However these can work pretty well with pro audio amps, that can normally take in up to 4 volts and will have an onboard gain control to match the input gain.
Some of the vintage car audio CD players from Mcintosh, Clarion, Nakamichi, Denon etc had excellent DACs with very high quality preamp implementation and can compete with some elite models.
 
A P80RS would do nicely. A Bottlehead would be lovely!! But, these are quite expensive as you rightly said.
I always had Panasonic Bottlehead at the back of mind for home audio services. It has tubes and it will glow nicely in the dark.:p

Size is also more perfect for home audio rather than car audio. I guess there is one in the sale section too.
 
Hello,

I would like to know how to use Car Audio CD players at home. If someone can guide and reply in a little detail on how to go about the process from scratch covering topics like which simple player to try it with, which Power Adapter I will need, which wires to connect, connection of speakers, etc it would be great. I have seen a few posts here on these forums where people have mentioned that they have used Car Audio systems at home and it always interested me thus I'm asking.

Thanks :)
I remember my dad's Pioneer KP-66G (car tape) which we used at our home whose bass treble was awesome.

Generally car systems need a 12v power supply with attest 3amps of current to play it easily. My dad had custom made a 12v 5amp transformer which was converted to DC and used as a power source. Remember to buy a power supply with 3amps or above so it will run easily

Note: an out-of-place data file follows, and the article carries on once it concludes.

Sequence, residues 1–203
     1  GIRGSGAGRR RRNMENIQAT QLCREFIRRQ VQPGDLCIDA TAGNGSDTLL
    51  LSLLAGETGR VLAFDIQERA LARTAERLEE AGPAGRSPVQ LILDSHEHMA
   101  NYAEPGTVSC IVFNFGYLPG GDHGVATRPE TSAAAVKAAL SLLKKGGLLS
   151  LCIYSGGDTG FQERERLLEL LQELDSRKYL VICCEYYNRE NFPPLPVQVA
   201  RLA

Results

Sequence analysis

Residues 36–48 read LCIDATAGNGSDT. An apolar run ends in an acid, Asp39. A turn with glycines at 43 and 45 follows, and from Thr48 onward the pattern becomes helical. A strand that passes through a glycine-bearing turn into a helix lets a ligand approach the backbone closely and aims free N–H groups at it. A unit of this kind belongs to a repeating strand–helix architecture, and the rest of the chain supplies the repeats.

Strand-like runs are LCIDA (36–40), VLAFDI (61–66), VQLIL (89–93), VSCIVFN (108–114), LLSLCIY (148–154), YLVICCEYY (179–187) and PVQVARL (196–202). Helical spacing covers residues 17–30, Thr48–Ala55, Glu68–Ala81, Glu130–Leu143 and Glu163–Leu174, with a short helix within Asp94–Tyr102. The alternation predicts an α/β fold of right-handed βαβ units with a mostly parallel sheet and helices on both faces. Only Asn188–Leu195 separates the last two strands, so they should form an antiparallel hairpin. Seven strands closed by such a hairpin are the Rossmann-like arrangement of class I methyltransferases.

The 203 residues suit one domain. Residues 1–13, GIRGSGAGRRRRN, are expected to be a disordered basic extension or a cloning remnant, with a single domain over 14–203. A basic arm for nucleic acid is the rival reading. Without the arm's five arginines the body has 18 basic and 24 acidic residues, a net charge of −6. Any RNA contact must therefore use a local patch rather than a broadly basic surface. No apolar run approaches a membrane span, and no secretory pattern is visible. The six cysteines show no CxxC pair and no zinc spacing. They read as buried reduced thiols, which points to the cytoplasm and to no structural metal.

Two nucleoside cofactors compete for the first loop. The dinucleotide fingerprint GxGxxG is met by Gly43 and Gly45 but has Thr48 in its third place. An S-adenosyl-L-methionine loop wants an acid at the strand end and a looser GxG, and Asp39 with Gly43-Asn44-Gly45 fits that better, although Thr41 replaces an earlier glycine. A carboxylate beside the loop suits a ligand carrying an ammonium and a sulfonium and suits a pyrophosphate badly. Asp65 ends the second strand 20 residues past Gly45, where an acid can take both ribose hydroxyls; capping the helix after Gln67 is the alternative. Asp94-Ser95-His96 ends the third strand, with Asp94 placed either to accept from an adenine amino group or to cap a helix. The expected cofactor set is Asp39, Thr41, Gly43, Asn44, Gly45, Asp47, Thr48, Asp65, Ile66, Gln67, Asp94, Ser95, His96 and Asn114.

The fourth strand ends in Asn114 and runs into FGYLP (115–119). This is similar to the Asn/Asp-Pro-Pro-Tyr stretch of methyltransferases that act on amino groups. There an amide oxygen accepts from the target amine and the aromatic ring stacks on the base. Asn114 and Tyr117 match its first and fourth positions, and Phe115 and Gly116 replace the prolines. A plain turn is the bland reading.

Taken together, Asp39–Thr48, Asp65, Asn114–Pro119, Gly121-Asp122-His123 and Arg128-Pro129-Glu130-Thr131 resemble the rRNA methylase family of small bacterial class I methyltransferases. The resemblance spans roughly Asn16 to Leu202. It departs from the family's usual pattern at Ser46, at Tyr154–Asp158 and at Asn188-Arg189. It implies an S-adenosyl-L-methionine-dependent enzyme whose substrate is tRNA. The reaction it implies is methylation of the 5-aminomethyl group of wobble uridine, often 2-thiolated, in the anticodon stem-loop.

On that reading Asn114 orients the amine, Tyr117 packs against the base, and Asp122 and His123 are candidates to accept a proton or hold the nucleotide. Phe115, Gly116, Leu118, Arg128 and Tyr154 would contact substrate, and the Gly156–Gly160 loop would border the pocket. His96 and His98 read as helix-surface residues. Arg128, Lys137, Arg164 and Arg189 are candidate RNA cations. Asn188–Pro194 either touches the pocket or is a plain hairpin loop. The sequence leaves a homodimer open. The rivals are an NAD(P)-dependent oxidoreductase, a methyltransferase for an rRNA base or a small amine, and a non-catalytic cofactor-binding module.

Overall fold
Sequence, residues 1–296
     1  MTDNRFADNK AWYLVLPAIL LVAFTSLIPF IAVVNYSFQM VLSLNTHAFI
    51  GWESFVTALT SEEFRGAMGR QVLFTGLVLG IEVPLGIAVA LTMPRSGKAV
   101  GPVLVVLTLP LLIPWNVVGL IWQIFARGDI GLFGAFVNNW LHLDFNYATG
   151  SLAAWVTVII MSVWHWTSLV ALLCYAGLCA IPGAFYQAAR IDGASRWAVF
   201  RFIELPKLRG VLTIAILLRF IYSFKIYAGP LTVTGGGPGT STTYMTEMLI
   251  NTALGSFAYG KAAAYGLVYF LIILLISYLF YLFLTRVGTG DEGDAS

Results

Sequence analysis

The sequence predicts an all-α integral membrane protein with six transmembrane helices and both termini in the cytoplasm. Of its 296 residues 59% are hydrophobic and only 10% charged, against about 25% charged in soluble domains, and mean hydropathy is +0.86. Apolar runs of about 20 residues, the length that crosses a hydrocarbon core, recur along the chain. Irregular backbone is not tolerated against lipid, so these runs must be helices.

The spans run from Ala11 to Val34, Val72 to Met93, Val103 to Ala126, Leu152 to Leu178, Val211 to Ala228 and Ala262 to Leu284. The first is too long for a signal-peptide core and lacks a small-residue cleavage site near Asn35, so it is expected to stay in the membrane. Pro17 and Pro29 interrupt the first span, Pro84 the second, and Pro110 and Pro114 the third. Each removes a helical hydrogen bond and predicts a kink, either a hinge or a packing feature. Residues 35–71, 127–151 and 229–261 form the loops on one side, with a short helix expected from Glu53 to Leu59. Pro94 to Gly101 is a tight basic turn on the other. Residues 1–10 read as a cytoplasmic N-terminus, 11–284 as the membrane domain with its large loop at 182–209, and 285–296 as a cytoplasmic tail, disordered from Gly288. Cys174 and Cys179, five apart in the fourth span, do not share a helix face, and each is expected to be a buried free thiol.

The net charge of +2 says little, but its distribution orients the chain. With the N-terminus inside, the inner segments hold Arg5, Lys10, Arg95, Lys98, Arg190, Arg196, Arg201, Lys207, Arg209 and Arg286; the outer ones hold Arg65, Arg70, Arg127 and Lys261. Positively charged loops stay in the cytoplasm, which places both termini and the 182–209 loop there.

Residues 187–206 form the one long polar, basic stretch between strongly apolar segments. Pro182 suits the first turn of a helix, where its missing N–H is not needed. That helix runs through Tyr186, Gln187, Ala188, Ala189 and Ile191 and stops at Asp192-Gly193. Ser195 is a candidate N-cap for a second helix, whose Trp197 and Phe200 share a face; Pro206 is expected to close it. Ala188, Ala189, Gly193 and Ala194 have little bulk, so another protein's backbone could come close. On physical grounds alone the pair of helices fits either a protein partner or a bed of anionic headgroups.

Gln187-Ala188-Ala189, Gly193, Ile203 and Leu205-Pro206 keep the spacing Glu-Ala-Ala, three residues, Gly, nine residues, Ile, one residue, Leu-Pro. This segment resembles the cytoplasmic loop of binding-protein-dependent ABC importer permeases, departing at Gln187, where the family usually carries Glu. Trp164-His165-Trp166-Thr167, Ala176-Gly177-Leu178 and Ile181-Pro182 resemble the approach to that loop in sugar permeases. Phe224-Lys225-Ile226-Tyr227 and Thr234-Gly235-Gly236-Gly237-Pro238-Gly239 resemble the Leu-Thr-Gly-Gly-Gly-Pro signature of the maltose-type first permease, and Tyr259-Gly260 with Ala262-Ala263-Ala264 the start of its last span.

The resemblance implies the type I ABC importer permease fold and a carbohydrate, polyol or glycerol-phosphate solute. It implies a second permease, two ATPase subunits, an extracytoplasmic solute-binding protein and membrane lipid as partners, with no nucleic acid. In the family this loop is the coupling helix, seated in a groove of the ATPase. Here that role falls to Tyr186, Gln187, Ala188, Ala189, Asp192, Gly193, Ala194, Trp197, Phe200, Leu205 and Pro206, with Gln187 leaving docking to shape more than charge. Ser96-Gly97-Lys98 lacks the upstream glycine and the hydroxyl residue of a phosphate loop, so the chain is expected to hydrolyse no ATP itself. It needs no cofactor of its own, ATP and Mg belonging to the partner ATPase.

Hi Black_Hawk,

Humble apologies if I'm updating an old thread, just joined a few months back here (this is my first thread :))

I had tried to hook up a 10 year old Pioneer car amp in my home. Since they require a 12V supply rail, I connected it to my Desktop PSU Molex connectors just to see if it's operational. To my luck, I found it perfectly working and it gave some confidence that I can pull it through (although I'm pretty sure this limits it to be used for near field or studio monitors)
I also thought of using the car speakers too, which were oval speakers, so I brought 2 enclosures that almost fit these speakers.
So the entire set, is operational, but I'd say it's ages away from a basic audiophile setup. I currently use it as a simple studio monitor next to my PC.
 
You can either buy an aftermarket CD player and have it fitted to your new car, or you can download your music onto your phone or onto a USB memory stick that can be plugged into a port in the car.You need a 12V power cord to use your car stereo power supply for home use, but you can easily get that from a hardware store. Cut the end of the power cord and connect the black wire with the line of white around the stereo's red and yellow wires. Make sure every wire is completely covered before you plug it in.
There are numerous methods for playing a CD in a newer car with no CD player. The quickest and easiest is to purchase a portable CD player and connect it to your car stereo via bluetooth, aux cable, USB, FM transmitter, or a cassette tape adapter.